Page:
KRIMES FOR KIDS, DOWN UNDER EDITION: Sabotage on the Solar Express

After dragging myself through a Book Club selection that aimed for the moon but sputtered at take-off, I wanted a read that would take me for a wild ride. Thankfully, the latest chapter in the Adventures in Trains series had only recently arrived at my door. Those masters of ferroequinology, Mara Leonard, Sam Sedgman and Elisa Paganelli couldn’t have had better timing! And this time, the accent really is on adventure!!!

If you’ve been keeping up, we were introduced to kid detective Harrison “Hal” Beck when his uncle, travel journalist Nathaniel Bradshaw, invited him to board a classic U.K. steam train carrying members of the royal family. Hal managed to capture a notorious jewel thief and get bitten by the railway bug. From there, it was on to an Amtrak in America (foiling a kidnapping), a safari in South Africa (locked room murder!), and bedlam in the Balkans (secret wills, family curses, and enough trains to, well, create a series of books about them!) 

Sabotage on the Solar Express takes us to a new continent to reconnect with some old friends. Tech billionaire August Reza (Kidnap on the California Comet) has once again invited Nat and Hal to Australia in order to witness an extraordinary first: the unveiling of the winner of Reza’s contest to design a “green” train of the future. Hal is almostthrilled to be there – so long as he doesn’t have to hang out with Reza’s daughter Marianne, with whom he tangled uncomfortably on his train ride through the States.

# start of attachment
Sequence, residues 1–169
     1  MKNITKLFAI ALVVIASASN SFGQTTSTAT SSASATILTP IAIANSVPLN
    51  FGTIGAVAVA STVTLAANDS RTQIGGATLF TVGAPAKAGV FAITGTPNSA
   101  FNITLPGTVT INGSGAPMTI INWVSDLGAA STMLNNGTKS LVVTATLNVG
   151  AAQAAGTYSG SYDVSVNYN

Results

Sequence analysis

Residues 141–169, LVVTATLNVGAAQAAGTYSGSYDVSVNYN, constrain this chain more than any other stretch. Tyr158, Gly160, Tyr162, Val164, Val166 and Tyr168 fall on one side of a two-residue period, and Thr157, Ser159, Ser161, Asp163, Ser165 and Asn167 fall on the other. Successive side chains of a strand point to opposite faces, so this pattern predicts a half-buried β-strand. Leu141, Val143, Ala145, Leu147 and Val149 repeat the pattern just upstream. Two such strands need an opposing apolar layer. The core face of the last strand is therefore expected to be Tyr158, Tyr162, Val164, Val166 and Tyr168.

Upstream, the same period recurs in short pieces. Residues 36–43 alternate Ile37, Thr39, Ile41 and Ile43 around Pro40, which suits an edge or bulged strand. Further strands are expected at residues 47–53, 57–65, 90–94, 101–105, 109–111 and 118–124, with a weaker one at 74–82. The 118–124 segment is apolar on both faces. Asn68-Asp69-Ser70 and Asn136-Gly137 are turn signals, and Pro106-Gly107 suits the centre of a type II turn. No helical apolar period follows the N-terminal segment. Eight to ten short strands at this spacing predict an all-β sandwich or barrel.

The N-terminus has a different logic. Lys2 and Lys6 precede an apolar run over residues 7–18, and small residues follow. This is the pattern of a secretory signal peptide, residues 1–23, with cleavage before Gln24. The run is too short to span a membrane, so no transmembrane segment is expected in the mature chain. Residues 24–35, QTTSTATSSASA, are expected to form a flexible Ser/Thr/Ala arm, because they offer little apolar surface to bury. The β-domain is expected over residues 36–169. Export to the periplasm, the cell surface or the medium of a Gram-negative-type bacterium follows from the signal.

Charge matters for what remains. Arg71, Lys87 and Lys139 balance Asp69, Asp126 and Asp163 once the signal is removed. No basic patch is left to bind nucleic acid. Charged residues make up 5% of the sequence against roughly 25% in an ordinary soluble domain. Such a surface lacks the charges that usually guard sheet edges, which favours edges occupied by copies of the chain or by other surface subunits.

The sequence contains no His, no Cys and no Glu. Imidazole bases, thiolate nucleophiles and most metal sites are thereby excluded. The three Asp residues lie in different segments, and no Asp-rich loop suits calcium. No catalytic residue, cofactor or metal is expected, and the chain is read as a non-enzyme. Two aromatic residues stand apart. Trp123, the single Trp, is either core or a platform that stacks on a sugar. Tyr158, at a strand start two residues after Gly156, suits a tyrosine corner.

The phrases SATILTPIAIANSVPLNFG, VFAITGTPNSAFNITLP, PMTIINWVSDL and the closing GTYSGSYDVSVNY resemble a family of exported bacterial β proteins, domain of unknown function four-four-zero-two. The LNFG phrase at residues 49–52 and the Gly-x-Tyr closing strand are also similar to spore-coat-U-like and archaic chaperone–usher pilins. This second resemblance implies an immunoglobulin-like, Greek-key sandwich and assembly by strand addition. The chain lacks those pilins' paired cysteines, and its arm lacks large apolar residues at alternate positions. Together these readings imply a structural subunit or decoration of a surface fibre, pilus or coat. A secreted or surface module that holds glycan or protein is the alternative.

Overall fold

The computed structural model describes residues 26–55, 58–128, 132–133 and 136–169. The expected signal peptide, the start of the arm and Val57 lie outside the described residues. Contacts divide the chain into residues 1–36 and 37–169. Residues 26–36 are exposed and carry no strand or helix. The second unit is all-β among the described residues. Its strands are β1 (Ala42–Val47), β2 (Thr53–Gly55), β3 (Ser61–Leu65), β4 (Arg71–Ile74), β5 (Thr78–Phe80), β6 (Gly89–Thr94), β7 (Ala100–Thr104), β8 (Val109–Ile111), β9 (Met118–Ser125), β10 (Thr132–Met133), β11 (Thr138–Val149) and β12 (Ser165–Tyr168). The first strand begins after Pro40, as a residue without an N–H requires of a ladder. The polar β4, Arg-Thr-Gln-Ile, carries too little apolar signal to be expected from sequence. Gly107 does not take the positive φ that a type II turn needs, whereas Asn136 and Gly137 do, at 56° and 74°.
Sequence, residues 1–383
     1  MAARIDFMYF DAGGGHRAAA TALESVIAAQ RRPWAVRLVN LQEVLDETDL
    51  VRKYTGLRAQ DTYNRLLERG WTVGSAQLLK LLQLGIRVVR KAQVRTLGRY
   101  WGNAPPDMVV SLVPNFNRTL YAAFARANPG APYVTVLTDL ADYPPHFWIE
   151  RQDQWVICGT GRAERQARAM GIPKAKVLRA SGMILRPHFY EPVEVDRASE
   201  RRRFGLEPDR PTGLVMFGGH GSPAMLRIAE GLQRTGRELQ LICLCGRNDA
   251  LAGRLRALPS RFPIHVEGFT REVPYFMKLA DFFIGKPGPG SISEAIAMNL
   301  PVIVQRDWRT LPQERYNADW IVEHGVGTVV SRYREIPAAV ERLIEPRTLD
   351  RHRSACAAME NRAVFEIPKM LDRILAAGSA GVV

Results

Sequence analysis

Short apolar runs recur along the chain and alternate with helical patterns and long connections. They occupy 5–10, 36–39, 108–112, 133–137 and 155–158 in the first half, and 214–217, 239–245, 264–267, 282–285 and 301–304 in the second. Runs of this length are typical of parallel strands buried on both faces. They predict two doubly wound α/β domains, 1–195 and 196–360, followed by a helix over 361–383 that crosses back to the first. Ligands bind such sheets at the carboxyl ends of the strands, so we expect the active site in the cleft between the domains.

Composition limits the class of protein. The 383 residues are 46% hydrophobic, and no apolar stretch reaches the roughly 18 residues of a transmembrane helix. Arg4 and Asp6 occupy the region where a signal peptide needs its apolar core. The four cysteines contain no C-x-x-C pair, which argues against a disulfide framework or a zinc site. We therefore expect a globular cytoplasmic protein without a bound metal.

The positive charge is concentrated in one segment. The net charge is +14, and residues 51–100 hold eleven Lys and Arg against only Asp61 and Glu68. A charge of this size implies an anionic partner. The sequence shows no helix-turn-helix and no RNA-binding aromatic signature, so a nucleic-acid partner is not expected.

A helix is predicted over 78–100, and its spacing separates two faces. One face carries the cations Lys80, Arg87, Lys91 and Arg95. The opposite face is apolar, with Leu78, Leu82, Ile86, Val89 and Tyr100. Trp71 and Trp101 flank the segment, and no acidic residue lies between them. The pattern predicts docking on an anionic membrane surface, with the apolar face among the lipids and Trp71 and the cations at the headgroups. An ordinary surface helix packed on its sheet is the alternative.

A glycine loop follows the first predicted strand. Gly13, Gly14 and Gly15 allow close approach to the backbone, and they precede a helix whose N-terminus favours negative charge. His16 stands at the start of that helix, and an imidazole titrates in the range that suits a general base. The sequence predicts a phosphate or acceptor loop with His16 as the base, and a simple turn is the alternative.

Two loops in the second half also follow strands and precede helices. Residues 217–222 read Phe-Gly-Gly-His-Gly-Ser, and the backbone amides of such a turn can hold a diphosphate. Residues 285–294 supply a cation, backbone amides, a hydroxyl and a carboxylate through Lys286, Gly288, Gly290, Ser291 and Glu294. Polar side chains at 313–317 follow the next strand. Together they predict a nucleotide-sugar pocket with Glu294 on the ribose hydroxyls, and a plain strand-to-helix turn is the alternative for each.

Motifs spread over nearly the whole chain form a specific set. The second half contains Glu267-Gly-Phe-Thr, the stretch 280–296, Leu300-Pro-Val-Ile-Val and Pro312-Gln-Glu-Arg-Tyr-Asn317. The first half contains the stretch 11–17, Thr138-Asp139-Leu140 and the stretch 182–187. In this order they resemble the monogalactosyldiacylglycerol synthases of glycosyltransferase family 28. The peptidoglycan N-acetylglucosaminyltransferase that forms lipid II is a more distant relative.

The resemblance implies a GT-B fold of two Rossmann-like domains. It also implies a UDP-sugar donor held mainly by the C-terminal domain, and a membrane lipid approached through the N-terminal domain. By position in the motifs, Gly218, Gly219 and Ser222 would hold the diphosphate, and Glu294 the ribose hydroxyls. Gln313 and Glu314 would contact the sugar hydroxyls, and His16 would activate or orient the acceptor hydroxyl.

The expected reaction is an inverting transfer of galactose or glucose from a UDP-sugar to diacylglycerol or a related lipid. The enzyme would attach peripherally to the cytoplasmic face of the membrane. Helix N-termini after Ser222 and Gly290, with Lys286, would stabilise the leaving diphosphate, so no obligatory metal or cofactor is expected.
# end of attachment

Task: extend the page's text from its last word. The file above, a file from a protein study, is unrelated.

One thing a great book for kids does is empower them, and the child empowerment going on here is stronger than ever. Hal and Marianne are definitely the heroes of this saga, and they are joined by Boaz Tudawali, the 14-year-old inventor of the Solar Express. Boaz is big and brawny from working on his parents’ farm; he is also brilliant, turning a shack on the farm into a lab where he has created a hydrogen-powered locomotive. While there is a dash of science fiction going on here, the authors assure us that the possibility of a train like this being invented is just around the corner. Young readers who are scientifically inclined, or who long to learn about concepts of clean energy, will especially delight in the set-up for this adventure. 

And an adventure it most definitely is! Oh, sure, there’s a mystery going on here, namely which of the sixteen people on board the inaugural ride of the Solar Express is a saboteur, and a particularly vicious one at that? But the “whodunnit” aspects here, while perfectly fine, are secondary to the non-stop excitement that occurs the moment Hal and Uncle Nat land in Alice Springs. “You’ll be so busy having your mind blown by the beauty of Australia that there’ll be no time for detecting,” Uncle Nat tells Hal. 

Yeah, right!

The reunion with the Rezas and the introduction to Boaz and his family all go splendidly, but even so there are disturbing hints of trouble to come. Then the suspense builds quickly after the train sets off for its five-hour test run to Tennant Creek. (You can almost hear the theme song: “A fiiiiive hour toooooour!”)